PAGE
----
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Far be it from me to tell a woman–particularly a beautiful woman, as Beard blossomed into–what to do with her body. As far as I'm concerned, she was well within her rights to pose suggestively in FHM magazine, and then nude in Playboy.
This is a lowlight not because of her actions, but rather because of how the swimming community at-large responded to it.
Chuck Wielgus, the executive director of USA Swimming told the Colorado Springs Gazette that the organization didn't "...feel that that the appearance by Ms. Beard in the July issue of Playboy magazine is an appropriate portrayal of our sport....We strive ... to promote the values of hard work, dedication and teamwork that swimming instills in its young athletes and their families."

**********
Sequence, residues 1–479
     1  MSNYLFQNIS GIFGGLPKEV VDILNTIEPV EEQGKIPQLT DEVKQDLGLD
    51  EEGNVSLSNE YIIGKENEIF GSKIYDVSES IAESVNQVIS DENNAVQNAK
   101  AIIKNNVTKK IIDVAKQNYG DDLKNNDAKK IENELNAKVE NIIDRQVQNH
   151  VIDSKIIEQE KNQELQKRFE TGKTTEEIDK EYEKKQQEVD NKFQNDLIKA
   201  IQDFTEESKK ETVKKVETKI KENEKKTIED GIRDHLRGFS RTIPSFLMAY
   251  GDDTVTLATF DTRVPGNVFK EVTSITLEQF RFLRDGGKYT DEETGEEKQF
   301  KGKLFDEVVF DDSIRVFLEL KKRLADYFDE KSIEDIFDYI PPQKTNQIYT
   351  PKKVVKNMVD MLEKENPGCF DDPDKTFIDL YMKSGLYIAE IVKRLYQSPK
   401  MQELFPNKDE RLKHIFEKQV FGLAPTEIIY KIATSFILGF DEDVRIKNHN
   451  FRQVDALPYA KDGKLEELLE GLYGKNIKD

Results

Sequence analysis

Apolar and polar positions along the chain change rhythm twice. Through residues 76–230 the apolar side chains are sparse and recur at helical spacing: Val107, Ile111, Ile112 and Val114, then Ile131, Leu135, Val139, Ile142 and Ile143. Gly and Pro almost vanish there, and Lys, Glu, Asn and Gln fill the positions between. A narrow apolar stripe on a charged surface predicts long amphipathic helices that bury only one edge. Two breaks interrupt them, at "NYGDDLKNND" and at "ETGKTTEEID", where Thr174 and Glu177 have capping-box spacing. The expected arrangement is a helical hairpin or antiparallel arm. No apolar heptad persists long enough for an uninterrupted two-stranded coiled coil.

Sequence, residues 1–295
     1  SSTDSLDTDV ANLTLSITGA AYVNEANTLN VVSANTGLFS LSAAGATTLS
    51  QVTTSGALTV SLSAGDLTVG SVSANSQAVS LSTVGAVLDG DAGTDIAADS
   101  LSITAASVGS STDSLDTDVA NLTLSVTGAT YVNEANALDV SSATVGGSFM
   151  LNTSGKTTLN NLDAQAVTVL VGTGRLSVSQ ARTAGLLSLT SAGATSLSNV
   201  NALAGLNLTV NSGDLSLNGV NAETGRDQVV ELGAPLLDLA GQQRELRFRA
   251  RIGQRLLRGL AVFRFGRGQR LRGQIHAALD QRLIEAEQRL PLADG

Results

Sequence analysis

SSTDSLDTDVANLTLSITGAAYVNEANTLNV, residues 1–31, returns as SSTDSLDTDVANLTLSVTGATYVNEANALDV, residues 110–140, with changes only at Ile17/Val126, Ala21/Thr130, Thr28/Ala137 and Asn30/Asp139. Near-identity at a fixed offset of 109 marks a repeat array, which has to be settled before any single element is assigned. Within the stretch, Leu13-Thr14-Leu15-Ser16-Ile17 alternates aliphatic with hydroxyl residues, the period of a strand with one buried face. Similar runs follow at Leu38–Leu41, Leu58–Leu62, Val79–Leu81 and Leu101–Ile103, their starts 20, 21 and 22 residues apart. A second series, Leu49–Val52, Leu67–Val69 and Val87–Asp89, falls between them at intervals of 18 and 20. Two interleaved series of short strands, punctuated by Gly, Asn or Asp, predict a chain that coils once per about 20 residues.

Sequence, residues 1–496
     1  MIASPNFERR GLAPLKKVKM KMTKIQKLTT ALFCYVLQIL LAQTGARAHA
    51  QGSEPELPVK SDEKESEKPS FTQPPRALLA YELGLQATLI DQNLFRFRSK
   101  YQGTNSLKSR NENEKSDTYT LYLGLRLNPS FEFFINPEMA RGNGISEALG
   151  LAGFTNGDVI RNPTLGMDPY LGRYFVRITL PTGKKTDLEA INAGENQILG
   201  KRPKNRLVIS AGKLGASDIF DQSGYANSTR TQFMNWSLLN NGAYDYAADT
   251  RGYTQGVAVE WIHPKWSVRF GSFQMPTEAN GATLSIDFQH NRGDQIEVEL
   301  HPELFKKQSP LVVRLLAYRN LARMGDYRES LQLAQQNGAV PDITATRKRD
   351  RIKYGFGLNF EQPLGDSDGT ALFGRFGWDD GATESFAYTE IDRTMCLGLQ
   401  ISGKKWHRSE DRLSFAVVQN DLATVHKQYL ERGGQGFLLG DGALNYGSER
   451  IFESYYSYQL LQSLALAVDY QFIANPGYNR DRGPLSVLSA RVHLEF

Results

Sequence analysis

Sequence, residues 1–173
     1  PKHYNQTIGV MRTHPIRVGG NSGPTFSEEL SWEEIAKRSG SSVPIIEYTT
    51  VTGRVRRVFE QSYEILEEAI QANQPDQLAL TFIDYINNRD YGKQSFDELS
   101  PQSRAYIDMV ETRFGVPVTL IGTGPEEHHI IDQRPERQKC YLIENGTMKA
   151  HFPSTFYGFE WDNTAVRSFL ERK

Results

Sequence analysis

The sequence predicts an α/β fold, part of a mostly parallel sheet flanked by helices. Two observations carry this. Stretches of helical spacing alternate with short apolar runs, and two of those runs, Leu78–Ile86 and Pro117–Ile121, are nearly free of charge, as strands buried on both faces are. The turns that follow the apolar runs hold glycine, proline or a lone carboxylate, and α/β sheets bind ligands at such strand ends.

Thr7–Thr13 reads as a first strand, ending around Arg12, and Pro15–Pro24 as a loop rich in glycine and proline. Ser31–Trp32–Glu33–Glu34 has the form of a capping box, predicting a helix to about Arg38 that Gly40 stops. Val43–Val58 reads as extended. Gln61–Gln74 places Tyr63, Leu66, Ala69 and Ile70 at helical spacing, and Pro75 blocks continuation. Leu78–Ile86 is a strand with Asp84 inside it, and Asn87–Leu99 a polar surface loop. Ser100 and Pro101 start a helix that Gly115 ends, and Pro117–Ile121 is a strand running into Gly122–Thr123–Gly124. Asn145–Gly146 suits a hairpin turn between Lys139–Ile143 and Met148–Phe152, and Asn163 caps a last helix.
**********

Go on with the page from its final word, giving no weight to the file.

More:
Beard always seemed a little uncomfortable with the reputation she got as an American sweetheart after the '96 Olympics, telling Inked Magazine that "I just want to be who I am, and I'm not just your typical all-American swimmer-type of girl."
She might not have wanted to be an "All-American swimmer type," but I doubt she wanted to make enemies out of her swim team, and feminists across the country––a demographic that comprised a large portion of her fan-base.
On top of that, the magazine shoots had a drastic effect on her body image. She told Marie Claire that "...after photo shoots, it's mind-boggling to see the inches they take off, the wrinkles, the little complexion errors. It makes you think, Oh, my gosh, this is what I should look like. So that started to stress me out..."
These insecurities would soon manifest themselves in a very dangerous way.